Social networks may have to prevent users under the age of 18 from liking posts, according to new privacy rules.
The Information Commissioner’s Office (ICO) in the UK has drafted a code of practice to protect children’s safety online.
One of the rules in the code would prevent tech companies from using “nudge” techniques.
Nudge techniques are defined as anything that would encourage young people to provide unnecessary personal data, weaken or turn off their privacy protections, or extend their use.
So that means social networks would have to remove likes for young people because data is collected whenever someone clicks the like button.
These rules would also affect Snapchat’s streaks, which encourage users to send snaps back and forth every day.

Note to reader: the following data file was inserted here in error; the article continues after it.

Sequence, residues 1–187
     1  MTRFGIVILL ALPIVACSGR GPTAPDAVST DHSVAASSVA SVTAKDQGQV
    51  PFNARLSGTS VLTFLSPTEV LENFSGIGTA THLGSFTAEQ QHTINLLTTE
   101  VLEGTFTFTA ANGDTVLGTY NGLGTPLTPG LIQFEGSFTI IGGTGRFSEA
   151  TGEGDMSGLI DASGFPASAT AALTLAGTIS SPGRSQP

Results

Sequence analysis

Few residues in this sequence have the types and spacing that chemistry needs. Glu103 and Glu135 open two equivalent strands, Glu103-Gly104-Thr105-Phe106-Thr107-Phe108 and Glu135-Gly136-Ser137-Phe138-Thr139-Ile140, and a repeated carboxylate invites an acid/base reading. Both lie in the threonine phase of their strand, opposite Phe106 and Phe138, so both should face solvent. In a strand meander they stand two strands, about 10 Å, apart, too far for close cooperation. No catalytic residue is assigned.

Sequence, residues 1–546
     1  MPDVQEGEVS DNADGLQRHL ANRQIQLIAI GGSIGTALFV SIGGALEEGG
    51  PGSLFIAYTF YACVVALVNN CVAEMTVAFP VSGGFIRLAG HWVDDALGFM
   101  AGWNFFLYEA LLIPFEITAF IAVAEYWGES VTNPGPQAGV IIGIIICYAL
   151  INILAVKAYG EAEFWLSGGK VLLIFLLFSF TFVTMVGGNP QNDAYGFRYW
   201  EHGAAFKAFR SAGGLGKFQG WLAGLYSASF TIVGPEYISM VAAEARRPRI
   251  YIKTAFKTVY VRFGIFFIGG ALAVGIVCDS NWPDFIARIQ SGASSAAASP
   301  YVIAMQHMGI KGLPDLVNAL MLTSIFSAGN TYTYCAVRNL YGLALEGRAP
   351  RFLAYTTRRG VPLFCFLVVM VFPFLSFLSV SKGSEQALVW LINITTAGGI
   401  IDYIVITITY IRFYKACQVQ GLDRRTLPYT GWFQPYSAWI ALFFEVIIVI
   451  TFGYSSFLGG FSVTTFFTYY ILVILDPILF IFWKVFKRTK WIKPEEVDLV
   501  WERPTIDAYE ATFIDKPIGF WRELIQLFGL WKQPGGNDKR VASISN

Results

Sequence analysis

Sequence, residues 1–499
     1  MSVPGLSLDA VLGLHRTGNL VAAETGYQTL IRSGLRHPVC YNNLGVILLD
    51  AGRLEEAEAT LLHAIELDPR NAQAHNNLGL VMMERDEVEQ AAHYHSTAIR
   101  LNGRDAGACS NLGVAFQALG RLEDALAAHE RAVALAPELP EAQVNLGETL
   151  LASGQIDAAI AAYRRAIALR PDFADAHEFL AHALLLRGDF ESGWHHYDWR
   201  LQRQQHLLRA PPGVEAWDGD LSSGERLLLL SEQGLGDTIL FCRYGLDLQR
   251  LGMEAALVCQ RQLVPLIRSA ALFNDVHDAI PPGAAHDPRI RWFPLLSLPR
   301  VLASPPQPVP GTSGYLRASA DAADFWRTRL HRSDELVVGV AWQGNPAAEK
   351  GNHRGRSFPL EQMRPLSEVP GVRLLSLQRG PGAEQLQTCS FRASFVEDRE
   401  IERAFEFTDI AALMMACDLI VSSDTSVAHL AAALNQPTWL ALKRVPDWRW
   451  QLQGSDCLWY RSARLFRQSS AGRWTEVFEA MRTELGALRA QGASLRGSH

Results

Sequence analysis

The code of practice is designed around having companies collect the minimum amount of data on users.
Information Commissioner Elizabeth Denham said in a statement:
“This is the connected generation. The internet and all its wonders are hardwired into their everyday lives. We shouldn’t have to prevent our children from being able to use it, but we must demand that they are protected when they do. This code does that.”
This is a first-of-its-kind proposal which is currently out for consultation.
Experts and members of the public can provide feedback and have a say in whether or not the code is approved.
If the code is approved, the rules would apply to companies that offer services in the UK, even if they’re based elsewhere.
Companies that violate the code could face fines up to 4% of their global revenue.
The consultation is open until May 31. If approved, the final version is expected to come into effect in 2020.
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